A MAN previously convicted of fraud who owes investment clients a small fortune is living quietly in Kintbury after his champagne lifestyle in Marbella turned sour.
It is claimed he owes millions to creditors in Spain after his high-rolling investment scheme crashed and is now being investigated by Spanish and British police.
But Howard del Monte – formerly known as Nigel Goldman – has claimed in an exclusive interview with the Newbury Weekly News that he never intended for anyone to lose out, and branded some of the more lurid international press reports about him “lies”.
Speaking from his rented cottage in Kintbury, he said he had been hounded by the international press, national reporters and private detectives in recent months and weeks and still fears extradition to Spain.
By his side was loyal partner Suzanne Couling, a former Inkpen resident who met Mr Del Monte during an 11-year sojourn in Spain.
He was a well-known and colourful figure in the Marbella area for many years – where he had rebuilt his life following two prison terms for fraud whilst living in the UK – and persuaded many expats to invest in his investment companies.
Mr del Monte, originally from Birmingham, said this week: “It’s totally untrue that I owe £13 million, or more. The writ in Spain is for 650,000 euros and I very much regret that anyone had to lose money.”
The self-styled poker wizard, who also dealt in gold and coins, said his latest adventures began in 2008 when he won a trading competition on Talk Radio Europe’s previous guise REM, in which he turned 100,000 euros into 2.7 million.
After that, he said, would-be investors beat a path to his door pleading: “Make me rich, too.” Mr del Monte said: “I was approached by many expats, but because of my convictions under the Companies Act of 1948 for offences in the 1980s, the only way client funds could be handled was by trading through an off-shore entity.
“Everyone got good dividends between 2008 and 2012. ”
Speaking from his Kintbury home, Mr del Monte insisted he warned clients that their investments represented a gamble and that there were no guarantees.
The big crash and back to the UK.
When the crash came, it came in spectacular fashion he claimed. He said: “It all went wrong over a 24-hour period – very badly wrong. My portfolio was completely wiped out. I had only taken my eye off the ball for an hour but sometimes that’s all it takes.”
In August last year, said Mr del Monte, the Spanish tax authorities hit him with a bill at the same time as they froze all his accounts, including those of his clients. Despite vowing “never to return” to the UK in his autobiography, High Stakes, in which he also talks of amassing a £14million fortune, Mr del Monte was left with little choice but to come back to his home country.
He said: “I was totally unable to operate. I decided to come back to the UK. I was out of money, selling personal assets to pay clients.”
He claimed he was sympathetic to those clients who had lost out but insisted: “I was always careful to ensure people weren’t investing life savings and that they could afford to trade. But the Spanish press have started a campaign against me.”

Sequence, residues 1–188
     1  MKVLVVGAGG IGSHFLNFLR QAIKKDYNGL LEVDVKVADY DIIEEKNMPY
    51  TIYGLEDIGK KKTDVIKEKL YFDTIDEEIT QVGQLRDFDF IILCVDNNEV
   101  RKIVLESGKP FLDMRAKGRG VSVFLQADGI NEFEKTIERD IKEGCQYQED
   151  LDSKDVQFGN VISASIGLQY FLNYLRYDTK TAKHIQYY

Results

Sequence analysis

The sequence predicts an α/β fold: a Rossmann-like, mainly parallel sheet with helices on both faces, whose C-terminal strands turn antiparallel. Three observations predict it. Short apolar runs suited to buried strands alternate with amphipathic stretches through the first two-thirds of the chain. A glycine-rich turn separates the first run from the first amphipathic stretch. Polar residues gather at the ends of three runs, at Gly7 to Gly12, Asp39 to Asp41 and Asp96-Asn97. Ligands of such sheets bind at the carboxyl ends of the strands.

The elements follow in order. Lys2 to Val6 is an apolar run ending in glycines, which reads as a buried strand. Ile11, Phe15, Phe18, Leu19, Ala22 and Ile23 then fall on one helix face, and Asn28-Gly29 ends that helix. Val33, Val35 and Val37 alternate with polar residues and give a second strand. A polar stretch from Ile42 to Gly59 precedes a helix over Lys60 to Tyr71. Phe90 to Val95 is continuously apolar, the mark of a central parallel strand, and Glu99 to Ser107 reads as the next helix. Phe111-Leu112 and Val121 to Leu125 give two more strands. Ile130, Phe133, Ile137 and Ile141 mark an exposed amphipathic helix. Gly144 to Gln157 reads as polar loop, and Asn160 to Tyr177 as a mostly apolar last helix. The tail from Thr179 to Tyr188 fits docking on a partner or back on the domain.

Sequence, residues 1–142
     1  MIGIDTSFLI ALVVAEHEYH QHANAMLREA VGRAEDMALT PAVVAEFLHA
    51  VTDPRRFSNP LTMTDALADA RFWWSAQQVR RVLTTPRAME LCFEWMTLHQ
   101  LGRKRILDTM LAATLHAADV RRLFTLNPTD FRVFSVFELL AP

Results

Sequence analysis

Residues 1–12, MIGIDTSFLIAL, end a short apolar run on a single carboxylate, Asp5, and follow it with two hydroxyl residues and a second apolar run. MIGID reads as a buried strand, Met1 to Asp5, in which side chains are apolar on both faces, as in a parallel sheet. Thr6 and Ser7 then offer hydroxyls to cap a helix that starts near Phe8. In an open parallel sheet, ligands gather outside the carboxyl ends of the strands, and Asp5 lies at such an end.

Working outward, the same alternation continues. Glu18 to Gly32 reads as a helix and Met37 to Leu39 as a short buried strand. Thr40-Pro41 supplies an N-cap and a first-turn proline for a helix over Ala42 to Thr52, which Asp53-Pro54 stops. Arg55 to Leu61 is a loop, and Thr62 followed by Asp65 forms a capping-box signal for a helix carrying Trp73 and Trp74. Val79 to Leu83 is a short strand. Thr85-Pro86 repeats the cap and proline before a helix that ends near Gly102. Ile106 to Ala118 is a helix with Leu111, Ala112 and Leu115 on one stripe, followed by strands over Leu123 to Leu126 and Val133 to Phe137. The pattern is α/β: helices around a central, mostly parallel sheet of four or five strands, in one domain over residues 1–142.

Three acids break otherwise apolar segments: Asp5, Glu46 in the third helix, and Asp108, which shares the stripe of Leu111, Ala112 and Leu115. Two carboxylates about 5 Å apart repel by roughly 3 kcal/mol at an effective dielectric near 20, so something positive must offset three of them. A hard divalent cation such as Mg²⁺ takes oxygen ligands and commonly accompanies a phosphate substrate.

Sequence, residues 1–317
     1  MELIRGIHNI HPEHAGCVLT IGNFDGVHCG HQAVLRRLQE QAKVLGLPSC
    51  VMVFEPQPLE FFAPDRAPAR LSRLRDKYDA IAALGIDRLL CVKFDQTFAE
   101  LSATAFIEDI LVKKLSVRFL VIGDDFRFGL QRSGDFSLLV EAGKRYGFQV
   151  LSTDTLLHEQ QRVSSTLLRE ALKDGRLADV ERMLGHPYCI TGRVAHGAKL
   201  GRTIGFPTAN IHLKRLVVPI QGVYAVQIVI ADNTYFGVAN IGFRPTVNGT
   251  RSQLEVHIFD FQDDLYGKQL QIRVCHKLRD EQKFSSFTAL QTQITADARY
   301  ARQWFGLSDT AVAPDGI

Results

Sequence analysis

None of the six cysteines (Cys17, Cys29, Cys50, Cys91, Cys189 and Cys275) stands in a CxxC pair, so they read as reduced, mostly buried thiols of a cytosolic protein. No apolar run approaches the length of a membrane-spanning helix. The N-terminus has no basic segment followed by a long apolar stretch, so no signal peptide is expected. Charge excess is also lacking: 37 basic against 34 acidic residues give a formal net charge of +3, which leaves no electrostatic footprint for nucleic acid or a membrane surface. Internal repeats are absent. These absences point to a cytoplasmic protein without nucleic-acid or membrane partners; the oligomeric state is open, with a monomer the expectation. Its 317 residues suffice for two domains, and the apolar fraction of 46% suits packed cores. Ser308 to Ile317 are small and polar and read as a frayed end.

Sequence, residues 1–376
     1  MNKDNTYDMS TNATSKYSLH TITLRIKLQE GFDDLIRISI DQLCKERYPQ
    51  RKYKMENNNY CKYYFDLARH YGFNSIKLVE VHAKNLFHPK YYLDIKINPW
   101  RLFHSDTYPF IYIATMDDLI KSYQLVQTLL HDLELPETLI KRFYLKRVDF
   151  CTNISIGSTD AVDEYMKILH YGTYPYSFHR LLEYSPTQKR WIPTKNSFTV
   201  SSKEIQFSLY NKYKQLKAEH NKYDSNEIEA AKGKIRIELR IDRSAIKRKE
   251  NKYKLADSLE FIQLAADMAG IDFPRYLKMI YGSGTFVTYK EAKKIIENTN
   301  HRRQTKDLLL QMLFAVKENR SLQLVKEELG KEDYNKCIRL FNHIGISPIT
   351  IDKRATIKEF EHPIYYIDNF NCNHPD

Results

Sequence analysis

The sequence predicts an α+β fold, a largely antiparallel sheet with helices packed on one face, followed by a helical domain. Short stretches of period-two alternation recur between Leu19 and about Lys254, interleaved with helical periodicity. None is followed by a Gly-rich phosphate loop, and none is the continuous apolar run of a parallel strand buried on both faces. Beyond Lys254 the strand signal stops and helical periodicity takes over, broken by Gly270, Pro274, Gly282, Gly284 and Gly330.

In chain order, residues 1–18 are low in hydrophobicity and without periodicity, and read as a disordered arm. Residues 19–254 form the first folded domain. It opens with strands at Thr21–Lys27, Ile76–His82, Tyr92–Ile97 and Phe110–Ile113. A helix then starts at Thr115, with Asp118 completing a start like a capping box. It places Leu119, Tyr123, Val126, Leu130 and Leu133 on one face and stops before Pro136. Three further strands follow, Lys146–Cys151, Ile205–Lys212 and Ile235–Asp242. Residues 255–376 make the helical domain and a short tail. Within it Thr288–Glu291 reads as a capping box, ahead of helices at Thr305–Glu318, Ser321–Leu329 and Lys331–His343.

Asked if, with hindsight, he would have handled the fallout differently, Mr del Monte said: “The mistake I made was coming back without explaining fully what had happened and why I was leaving. I could have handled that much better.”
He left Spain at the end of last year and was located this month by expat newspaper The Olive Press through his and Ms Couling’s joint ebay account. According to the paper, multiple complaints have been lodged about Nigel Goldman to Action Fraud UK – the UK’s national fraud and internet crime reporting centre.
Marbella-based lawyer Antonio Flores, currently representing a British expat couple who claim that Mr Goldman owes them around 640,000 euros, said he first became aware of Mr Goldman last October. Mr Flores added that although he is only representing one client, he said he is aware of “10 or 12” official complaints that have been made against Mr Goldman to the Marbella National Police since December 2013. He also said he believes Mr Goldman to owe “£2m – £2.5m” in total.
Mr Flores said he believed official paperwork was being compiled by the Spanish police. A spokesman for the Metropolitan Police told the Newbury Weekly News that they were not aware of any complaints against Mr Goldman and said it would be the responsibility of the Spanish authorities to issue a European Arrest Warrant should they feel it necessary.
Reaction in Kintbury
The story of Mr del Monte residing in Kintbury has been picked up by several national newspapers and has got tongues wagging in the village.
One resident, who did not want to be named, told the Newbury Weekly News he was aware of a new face in the village who was calling himself ‘Howie’. “You can find Howie in the Blue Ball every Wednesday, Friday and Sunday nights playing poker,” he said, but added that he knew nothing of Mr del Monte’s past.
For the full exclusive interview with Mr del Monte, see today’s Newbury Weekly News.